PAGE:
• Dating—Shows such as the The Bachelor/Bachelorette, Are You the One? and Coupled, featuring contestants attempting to find love, are all TV Film programming. If you receive a call to perform on one of these shows, contact Matt Allen in the West Coast Office to discuss the signatory status of the show, as well as applicable sideline rates. 
  • Soap opera style/celebrities—Programs such as Keeping Up with the Kardashians, I Love Kellie Pickler, Love & Hip Hop, as well as The Real Housewives of … would also all be considered Television Film content. If you spot an AFM sound recording being used in one of these shows, please alert the New Use department in the West Coast Office. 
  • Nonvariety competition—These are shows that feature competition and elimination, but without a variety or musical element. Think Chopped, Project Runway, or Survivor. These programs are also interpreted and administered under the Television Film agreement. 

Variety-Based Competition

“Variety-based competition” is the only subgenre of reality programming that should be consistently contracted and reported under the relevant live TV agreement—Television Videotape, Basic Cable, or Non-Standard Television. The Voice, America’s Got Talent, and Dancing with the Stars are great examples of competition shows highlighting musical performances, putting them squarely in the scope of the Television Videotape Agreement.

Contractors working on new shows of this type should contact Mary Beth Blakey in the West Coast Office for the latest applicable rates and terms. 

52-Week All Media Cycle Addition in Commercial Announcements Agreement

by Maria Warner-Dowrich, Contract Administrator, AFM Electronic Media Services Division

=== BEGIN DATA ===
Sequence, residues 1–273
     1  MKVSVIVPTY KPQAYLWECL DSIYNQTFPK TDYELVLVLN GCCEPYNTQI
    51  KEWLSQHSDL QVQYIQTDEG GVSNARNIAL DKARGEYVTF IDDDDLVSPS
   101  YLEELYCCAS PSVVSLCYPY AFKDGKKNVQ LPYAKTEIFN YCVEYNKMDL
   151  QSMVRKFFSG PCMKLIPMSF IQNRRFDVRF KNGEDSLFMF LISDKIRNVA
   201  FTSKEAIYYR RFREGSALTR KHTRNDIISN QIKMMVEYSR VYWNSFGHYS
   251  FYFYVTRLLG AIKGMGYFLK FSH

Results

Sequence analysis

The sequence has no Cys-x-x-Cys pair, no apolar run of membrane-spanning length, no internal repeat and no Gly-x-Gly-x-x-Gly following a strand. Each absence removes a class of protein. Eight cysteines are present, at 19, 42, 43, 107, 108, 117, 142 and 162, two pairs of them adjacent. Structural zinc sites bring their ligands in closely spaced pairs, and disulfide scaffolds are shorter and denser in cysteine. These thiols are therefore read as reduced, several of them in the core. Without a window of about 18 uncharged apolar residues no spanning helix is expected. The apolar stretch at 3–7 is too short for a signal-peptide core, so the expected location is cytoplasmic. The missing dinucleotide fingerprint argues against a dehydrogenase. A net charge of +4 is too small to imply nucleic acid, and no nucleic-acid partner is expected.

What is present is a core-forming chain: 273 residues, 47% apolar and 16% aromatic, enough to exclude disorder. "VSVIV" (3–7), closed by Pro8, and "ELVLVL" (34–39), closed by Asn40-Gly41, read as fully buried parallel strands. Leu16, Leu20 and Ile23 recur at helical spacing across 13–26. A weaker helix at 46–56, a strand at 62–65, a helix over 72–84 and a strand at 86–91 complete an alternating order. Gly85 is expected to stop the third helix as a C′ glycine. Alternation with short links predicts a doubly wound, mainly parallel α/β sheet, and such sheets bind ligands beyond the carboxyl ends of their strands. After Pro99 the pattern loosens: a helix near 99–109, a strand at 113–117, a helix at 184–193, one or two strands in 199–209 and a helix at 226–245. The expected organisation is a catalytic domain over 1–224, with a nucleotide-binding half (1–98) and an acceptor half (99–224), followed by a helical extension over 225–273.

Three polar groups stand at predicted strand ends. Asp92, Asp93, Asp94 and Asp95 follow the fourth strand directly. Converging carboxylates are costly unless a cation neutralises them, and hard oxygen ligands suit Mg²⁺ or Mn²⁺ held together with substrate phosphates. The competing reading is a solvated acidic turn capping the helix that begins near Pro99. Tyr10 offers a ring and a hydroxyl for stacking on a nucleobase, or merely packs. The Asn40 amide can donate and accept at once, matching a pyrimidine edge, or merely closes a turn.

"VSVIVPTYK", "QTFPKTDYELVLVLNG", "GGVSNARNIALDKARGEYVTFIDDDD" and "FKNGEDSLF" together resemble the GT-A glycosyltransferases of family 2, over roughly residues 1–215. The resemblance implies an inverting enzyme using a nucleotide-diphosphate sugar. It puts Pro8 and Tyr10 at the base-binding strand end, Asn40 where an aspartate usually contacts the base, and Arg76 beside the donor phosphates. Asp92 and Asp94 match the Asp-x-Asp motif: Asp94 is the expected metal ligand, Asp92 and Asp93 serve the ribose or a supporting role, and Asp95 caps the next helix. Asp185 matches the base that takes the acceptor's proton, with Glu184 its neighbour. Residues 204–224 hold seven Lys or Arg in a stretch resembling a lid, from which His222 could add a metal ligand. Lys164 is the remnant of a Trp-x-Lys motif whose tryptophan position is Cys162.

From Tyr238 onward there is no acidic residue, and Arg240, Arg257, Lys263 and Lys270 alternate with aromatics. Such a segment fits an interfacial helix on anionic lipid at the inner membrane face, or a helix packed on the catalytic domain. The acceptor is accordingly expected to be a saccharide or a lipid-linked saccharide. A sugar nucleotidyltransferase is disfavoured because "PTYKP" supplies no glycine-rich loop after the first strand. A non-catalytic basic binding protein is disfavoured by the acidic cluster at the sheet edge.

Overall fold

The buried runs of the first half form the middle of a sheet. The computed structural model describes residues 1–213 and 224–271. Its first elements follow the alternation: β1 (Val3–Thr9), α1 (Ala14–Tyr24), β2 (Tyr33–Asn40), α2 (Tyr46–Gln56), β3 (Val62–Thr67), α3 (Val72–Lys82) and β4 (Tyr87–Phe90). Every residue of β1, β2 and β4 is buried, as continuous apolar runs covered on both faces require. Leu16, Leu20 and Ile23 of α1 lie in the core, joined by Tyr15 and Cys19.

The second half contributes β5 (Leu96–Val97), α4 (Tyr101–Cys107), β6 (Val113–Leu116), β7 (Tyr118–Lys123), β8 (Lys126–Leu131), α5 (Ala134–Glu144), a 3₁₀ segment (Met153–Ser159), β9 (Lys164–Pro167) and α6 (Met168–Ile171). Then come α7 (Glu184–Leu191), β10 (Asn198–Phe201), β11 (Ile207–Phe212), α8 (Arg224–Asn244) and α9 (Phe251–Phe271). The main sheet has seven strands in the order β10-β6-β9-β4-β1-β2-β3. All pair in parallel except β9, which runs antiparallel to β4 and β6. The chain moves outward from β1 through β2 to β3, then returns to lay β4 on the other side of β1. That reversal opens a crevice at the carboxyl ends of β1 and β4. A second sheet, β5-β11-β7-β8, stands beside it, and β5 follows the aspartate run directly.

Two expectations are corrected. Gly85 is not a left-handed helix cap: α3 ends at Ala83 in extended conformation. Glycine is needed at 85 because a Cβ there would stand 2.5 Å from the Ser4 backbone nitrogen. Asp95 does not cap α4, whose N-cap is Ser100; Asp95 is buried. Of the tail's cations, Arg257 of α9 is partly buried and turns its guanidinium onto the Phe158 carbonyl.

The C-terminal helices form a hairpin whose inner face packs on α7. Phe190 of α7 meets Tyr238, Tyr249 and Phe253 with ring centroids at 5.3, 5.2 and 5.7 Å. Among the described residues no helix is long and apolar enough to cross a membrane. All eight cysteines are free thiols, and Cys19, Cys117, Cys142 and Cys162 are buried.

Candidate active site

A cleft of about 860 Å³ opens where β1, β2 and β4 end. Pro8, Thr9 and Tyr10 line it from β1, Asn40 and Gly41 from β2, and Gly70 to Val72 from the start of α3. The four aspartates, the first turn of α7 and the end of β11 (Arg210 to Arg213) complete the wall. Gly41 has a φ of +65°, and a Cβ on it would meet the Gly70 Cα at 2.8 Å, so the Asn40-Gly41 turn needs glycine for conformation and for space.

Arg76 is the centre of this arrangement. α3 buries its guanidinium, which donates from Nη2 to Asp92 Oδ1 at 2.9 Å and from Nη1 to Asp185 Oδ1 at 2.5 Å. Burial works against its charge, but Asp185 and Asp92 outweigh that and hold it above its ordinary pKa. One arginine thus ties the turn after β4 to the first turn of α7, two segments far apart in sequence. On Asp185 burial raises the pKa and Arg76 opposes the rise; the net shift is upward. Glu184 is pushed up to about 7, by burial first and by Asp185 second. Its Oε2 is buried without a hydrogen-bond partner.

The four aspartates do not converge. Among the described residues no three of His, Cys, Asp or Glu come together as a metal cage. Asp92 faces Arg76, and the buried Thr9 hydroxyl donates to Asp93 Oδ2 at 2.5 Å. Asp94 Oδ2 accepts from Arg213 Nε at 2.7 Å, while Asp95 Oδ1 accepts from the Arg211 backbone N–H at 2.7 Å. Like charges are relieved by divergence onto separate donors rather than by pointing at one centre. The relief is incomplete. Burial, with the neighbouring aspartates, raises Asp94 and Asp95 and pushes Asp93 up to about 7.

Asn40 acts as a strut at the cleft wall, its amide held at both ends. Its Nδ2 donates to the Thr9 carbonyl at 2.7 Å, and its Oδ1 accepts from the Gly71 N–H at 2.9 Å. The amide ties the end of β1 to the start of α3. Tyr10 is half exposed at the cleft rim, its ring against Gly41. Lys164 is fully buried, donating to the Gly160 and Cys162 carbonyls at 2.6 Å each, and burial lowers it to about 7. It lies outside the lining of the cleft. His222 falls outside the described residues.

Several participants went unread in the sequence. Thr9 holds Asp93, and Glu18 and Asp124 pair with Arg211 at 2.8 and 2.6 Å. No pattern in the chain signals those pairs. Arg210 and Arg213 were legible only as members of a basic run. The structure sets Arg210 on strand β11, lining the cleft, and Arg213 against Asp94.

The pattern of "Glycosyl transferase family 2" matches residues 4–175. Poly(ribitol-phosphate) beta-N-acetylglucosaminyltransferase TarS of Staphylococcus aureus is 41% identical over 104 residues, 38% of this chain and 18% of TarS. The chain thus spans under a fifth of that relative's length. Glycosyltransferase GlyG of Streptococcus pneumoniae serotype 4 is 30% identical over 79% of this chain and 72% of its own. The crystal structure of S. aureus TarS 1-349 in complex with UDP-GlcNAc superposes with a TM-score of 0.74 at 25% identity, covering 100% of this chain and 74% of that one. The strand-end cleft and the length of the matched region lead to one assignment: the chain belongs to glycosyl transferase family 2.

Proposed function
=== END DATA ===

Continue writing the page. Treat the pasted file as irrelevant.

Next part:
52-week-media-agreementThere’s a new addition to the AFM Commercial Announcements Agreement. At the end of negotiations of the Commercial Announcements Agreement, June 5, 2014, the American Federation of Musicians and the Joint Policy Committee (JPC) agreed to add a new 52-week cycle in the all media initial use cycle and re-use cycle.

Under the new contract, with effective dates June 5, 2014 through June 4, 2017, the advertiser has the option to choose the 52-week cycle in all mediums and is not locked into any one or “sole” medium in any one cycle. These mediums include, but are not limited to television, radio, Internet, nonbroadcast, and foreign use.

Should the money savvy advertiser elect to choose the new all-media 52-week initial use cycle, they will save both monetarily and in terms of paperwork. But the main advantage of choosing this option is, the ability to use the AFM agreement as opposed to using the licensing agreement, and in so doing, the musicians immediately receive large pension and health and welfare contributions. The agreement will also provide a substantial upfront pay scale for musicians.

The all media payments are in addition to the appropriate minimum session fee payments (e.g., the one-hour session rate is $127.20 per side musician, etc.) The rates due arrangers, orchestrators, and copyists may be found in the music preparation section of the Commercial Announcements Agreement. Also applicable to session fee payments are: 16.5% pension fund contribution and $26, plus 6% health and welfare fund contribution. If the 52-week all media cycle is exercised, the additional payments (beyond the session fees) per spot, are $1,245 per side musician and copyist, with double scale for leader, contractor, arranger, and orchestrator, plus 16.5% pension and 6% health and welfare contributions.